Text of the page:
Multi-scale porous graphene/activated carbon aerogel enables lightweight carbonaceous catalysts for oxygen reduction rea

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talytic property toward oxygen reduction reaction (ORR) plays a significant role in the power generation of fuel cells (FCs). Here we demonstrate a graphene/activated carbon aerogel (GA/AC) composite to facilitate the ORR process, which is synthesized by a one-step hydrothermal method. The aligned pores and high porosity enable its mass density 20-times lighter than bare AC. Electrochemical studies show that the composite exhibits a remarkably improved electro-catalytic performance. The onset potential shifts positively from 0.68 to 0.83 V, and the number of electrons transferred is increased from 2.85 to 3.52, indicating that a four-electron pathway dominates the ORR process. This composite presents a mesoporous structure containing a large number of multi-scale pores and having a high specific surface area of 758.19 m2/g, which is responsible for its excellent onset potential and charge transfer rate. These aerogel-composites show great potential as ORR catalysts for assembling lightweight FCs and metal-air batteries.


The energy crisis and environmental pollution have propelled a strong interest in the development of alternative and renewable energy sources. In contrast to the centralized energy supply manners, distributed generation systems generate the small-scale energy located near the customers or in remote areas. Conventional distributed generation methods cover various energy storage and conversion techniques, such as heat engines, fuel cells (FCs), capacitors, batteries, and solar cells. The benefits of such distributed energy sources are eliminating the losses from long-distance transmission and capital cost from accessory devices. Among those, FCs offer us a promising avenue toward chemical energy conversion and green electricity generation. The operating principle of FCs is similar to metal-air batteries which combine fuel (e.g., hydrogen) with an oxidant (oxygen from the air) through electrodes and an ion conducting electrolyte. But it allows devices to operate for a satisfactory length time compared with batteries and capacitors without plugging into an electricity input.1–3 A fuel cell runs as long as reactants are sufficiently supplied to the working chambers, and the typical byproducts are water and heat. Yet, noble metal catalysts are required to trigger the oxygen reduction reaction (ORR) occurring at the cathode (i.e., the electrode that consumes electrons). So far, Contributing Editor: Tianyu Liu a) Address all correspondence to this author. e-mail: [email protected] DOI: 10.1557/jmr.2017.372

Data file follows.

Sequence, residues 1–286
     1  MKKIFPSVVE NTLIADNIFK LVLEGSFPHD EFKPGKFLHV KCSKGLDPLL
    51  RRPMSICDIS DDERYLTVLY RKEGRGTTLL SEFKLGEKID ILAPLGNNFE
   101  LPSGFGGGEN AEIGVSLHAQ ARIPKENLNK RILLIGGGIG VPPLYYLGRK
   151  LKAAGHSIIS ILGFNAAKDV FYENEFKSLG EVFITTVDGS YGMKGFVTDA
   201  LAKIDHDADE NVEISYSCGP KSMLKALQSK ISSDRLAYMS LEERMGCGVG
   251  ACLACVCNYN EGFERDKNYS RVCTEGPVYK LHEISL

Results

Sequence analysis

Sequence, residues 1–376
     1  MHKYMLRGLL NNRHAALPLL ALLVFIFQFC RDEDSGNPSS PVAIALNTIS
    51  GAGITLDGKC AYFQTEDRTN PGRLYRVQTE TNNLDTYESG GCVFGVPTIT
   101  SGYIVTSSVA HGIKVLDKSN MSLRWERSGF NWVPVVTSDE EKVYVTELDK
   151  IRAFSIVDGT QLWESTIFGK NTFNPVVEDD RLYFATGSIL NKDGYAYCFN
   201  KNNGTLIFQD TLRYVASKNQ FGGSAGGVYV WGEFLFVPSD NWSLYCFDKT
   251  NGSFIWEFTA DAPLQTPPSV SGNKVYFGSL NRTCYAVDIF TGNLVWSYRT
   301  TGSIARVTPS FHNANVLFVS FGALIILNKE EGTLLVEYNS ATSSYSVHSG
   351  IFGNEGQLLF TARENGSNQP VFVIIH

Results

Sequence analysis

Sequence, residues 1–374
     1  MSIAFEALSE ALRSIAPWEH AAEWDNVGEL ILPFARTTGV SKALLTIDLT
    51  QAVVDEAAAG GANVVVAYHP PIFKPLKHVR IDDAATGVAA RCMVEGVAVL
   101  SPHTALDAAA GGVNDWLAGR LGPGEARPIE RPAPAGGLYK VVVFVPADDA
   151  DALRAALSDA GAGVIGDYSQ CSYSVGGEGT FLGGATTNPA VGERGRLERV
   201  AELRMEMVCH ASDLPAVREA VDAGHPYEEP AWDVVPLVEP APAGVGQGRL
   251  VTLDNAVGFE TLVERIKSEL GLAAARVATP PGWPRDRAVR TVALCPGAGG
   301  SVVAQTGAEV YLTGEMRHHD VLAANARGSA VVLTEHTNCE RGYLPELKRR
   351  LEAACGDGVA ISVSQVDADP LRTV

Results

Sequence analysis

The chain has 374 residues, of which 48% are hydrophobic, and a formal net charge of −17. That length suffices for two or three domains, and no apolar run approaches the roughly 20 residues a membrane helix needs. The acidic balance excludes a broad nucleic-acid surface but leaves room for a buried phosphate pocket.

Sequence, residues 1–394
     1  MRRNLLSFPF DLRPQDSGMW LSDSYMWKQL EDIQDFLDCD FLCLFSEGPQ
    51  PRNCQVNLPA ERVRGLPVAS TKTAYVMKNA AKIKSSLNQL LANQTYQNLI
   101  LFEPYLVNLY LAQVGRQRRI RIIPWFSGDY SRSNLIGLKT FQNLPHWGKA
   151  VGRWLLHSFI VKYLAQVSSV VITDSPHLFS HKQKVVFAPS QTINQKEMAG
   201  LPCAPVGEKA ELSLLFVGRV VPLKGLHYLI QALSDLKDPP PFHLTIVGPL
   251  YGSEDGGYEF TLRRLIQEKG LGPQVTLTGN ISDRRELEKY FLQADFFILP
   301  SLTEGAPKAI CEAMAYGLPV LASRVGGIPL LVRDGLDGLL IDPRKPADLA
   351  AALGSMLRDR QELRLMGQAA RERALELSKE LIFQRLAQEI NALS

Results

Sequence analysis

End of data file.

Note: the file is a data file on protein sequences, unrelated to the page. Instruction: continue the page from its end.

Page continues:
the most efficient catalyst for ORR has been still considered as platinum nanoparticles and Pt-based metal alloys. On one side, 0.25 g of Pt as a catalyst is typically needed to deliver a unit kilowatt of power for current FC techniques.4–7 Fewer than 10 million FC-powered vehicles could be manufactured if the annual production of platinum was devoted to these vehicles.5 In general, platinum suffers from the naturally existing resource constraint. On the other side, the use of platinum bring